The overriding narrative in forex markets at the moment is a lack of confidence in the US dollar. That this is the case when the economy is so strong and when the US Federal Reserve has been tightening for an extended period and is likely to continue to do so has been a most interesting dynamic in global markets recently.
Naturally, the reason for that is best explained by the synchronisation of global growth and forex traders discounting the expectation that the European Central Bank, Bank of Japan and others will eventually follow the Fed in removing monetary accommodation and raising rates.
That the ECB is doing its best to forestall that seems a moot point.
But while the Euro is back up in the mid 1.18’s region, while USDJPY is back near 111 and while even the GBP looks like it could be actually breaking higher the Aussie is still languishing toward the bottom of the recent range.
Of course, that’s because of all the various things I’ve been writing about recently including the collapse of the bond spread between Australia and the US.
But as I’ve written recently the US dollar side of the argument is important so the AUDUSD has lifted from its lows and is sitting at 0.7626 – up 0.13% day on day.
So far it has been unable to take out the top of this downtrend channel which comes in around 0.7645 and which I would consider significant resistance. That’s naturally because I respect lines and levels unless or until they break. But it’s also because my sense is that traders will have a weather eye on what is going on in Chinese markets right now.
Yesterday saw Chinese stocks have their worst falls in close to a year and a half as traders fret about a regulatory clampdown and as the 10-year bond hit, held, and closed at 4%. So, if China has a second day of weakness, if the 10-year bond continues to rise above 4% then the Aussie sticks out as a deep and liquid way to hedge against a China dislocation.
The good news for the bulls is my system is pointing higher. Although I did take my longs back above 0.7630 last night given where the top of the channel is. But if the Aussie can break 0.7650/60 it could run toward 0.7750.
It has to break first though.
On the downside, support remains 0.7595 and 0.7570.
It should be a fairly quiet day unless China kicks off and the weakness in stocks continues and seeps into metals and regional markets.
In other forex market news, the US dollar has continued to be pressured by the apparent dovish tilt by US Fed chair Janet Yellen and the FOMC. That’s genuinely fresh news this week and suggests the arguments being run by Neel Kashkari and James Bullard are gaining traction among their colleagues at the Fed. And this change – or at least the apparent one evinced by Yellen’s comments this week’s and the Minutes – introduces an element of uncertainty into the next meeting of the FOMC on December 13 and 14.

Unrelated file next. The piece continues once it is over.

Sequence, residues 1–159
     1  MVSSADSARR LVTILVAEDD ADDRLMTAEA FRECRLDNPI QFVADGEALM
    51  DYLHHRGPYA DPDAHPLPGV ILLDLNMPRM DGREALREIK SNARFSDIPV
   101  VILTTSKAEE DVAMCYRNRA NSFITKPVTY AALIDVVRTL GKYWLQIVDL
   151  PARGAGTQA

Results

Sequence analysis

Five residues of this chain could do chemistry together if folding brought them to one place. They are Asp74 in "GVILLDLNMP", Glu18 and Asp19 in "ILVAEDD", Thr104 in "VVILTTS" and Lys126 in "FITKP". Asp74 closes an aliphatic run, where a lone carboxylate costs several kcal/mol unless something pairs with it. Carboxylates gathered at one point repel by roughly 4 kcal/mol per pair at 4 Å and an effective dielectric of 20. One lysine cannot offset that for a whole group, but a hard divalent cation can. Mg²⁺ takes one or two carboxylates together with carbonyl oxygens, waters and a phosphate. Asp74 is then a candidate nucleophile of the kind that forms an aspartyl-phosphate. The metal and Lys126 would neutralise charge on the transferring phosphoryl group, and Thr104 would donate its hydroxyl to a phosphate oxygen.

Not so much on the December tightening – which is almost universally expected and the minutes intimated is still coming. Rather the uncertainty stems from the outlook the Fed will articulate via its statement, the Dot Plot, and the press conference that Janet Yellen gives post meeting. The risk for the US dollar is that the Fed’s candid revelation it’s unsure on inflation tempers the expectations for rate hikes in 2018. That is likely to put the USD under downward pressure.
And that subtle downward pressure has the US dollar on the backfoot this morning. Euro in the mid 1.18’s, USDJPY down near 111 and the pound above 1.33. The USD is weaker almost universally it seems with Asia and emerging market currencies also mostly stronger against the greenback.
That trend has helped the commodity bloc via the virtuous circle of weaker US dollar also feeding into strong commodity prices. But each of the Aussie, Kiwi, and CAD ran into a little bit of selling overnight. The CAD, in particular, suffered under the weight of much weaker than expected retail sales for September which printed +0.1% against +0.9% expectations. It has been a solid year though with year on year growth dropping but still printing a 6.2% growth rate.
On the day ahead NZ trade will be important for the Kiwi which has broken a very steep little downtrend in the past couple of days. A weekly close above 69 cents would be quite bullish if the Kiwi can manage that.
That makes two out of three of the big commodity bloc currencies that have broken downtrends. The Aussie is the laggard in that regard and needs to push up and through 0.7645 to do that. Important for the Aussie today is what happens in China. Was yesterday’s stock selling a one day wonder or is it something more pernicious. Not much fazes markets at the moment but if China has the second day of weakness, if the 10-year bond continues to rise above 4% then the Aussie sticks out as a deep and liquid way to hedge against a China dislocation.
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